Roughly 1,000 public school teachers in Washington, DC, are operating without a license, according to a report released Thursday.
The report from NBC 4 Washington found that about one in four teachers in D.C. Public Schools taught without a license during the 2017-2018 school year.
The news station analyzed D.C. Public Schools and Office of the State Superintendent of Education (OSSE) databases of new and veteran teachers over the past year, many of them obtained through Freedom of Information Act (FOIA) requests.
There are also at least four teachers who hold top advisory positions in the Chancellor’s Teacher’s Cabinet, which meets with the chancellor of D.C. public schools and doles out policy advice to top officials within the school district.
Ahnna Smith, D.C.’s deputy mayor for education, said the school district is violating D.C. regulations and is putting itself in danger of losing U.S. Department of Education grant money.
Despite the claims, D.C.’s public school system says it conducts background checks on anyone who applies for a position.
“Licensure requirements exist for a reason. It doesn’t make a lot of sense that the District hasn’t embraced a good credentialing system,” said Gaston de los Reyes, father of two students at Oyster-Adams Bilingual School.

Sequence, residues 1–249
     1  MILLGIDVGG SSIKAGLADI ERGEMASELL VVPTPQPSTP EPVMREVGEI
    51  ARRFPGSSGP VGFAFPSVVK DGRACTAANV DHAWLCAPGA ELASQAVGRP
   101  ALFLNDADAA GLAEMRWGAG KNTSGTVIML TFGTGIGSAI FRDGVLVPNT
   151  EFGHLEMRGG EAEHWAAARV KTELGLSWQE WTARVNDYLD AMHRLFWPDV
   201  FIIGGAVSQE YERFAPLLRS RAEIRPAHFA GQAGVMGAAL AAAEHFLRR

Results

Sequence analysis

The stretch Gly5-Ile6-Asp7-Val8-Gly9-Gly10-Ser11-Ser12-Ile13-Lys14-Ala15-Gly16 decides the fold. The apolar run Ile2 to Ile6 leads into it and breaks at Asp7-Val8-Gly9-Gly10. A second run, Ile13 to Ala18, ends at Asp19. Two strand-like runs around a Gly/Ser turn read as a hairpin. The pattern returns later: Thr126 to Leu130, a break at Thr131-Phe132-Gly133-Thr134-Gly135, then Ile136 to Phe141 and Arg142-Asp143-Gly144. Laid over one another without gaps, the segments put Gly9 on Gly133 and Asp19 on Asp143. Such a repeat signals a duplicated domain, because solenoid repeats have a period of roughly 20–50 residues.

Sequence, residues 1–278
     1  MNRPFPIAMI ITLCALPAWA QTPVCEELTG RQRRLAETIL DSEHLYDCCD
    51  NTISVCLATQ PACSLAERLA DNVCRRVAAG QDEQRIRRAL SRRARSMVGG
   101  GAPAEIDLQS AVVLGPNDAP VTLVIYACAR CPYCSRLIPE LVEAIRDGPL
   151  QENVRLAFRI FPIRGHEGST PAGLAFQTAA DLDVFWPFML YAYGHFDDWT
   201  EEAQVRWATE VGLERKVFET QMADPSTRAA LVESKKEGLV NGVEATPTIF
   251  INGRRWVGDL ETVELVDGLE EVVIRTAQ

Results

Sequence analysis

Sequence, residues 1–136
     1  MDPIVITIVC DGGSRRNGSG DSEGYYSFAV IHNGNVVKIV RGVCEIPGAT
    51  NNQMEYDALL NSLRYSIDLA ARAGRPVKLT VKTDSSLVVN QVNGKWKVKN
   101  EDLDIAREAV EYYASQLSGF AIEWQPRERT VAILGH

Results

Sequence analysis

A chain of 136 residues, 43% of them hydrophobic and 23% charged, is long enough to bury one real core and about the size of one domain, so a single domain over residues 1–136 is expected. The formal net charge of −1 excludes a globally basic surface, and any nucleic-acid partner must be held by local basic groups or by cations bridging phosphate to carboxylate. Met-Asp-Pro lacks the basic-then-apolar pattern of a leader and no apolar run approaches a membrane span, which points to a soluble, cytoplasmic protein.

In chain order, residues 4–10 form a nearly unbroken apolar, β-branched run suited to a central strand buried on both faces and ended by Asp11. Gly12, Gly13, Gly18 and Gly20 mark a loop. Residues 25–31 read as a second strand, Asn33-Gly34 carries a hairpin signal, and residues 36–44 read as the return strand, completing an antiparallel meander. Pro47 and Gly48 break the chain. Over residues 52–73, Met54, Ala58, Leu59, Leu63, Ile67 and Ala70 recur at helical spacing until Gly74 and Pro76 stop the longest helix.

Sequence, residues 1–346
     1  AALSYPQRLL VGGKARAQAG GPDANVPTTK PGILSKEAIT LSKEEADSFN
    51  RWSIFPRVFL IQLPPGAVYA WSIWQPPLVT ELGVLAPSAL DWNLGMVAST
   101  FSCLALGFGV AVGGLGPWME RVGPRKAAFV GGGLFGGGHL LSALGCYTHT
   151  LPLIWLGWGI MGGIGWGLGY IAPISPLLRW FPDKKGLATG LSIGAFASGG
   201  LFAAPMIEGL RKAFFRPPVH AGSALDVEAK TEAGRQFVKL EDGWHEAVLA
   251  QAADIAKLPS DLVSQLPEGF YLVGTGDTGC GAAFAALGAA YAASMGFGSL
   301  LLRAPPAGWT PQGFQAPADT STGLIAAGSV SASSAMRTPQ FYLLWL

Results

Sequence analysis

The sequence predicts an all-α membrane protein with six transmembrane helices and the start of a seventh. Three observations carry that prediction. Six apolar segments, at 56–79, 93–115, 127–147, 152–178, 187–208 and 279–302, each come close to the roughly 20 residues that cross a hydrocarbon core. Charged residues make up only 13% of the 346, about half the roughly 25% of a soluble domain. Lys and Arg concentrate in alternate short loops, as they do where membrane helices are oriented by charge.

It is unclear how many of those unlicensed teachers participate in Teach for America, a program where many recent college graduates teach without a traditional license in underserved school districts for a year before obtaining their teaching certification.
The organization, which supports illegal immigrants who stay in the country under the Deferred Action for Childhood Arrivals (DACA) program, states on its website that it can send DACA recipients to teach in the D.C. public school system and other urban school districts across the U.S.
Denver Public Schools also sought out unlicensed educators, specifically those with DACA status, to teach in the school system back in 2014.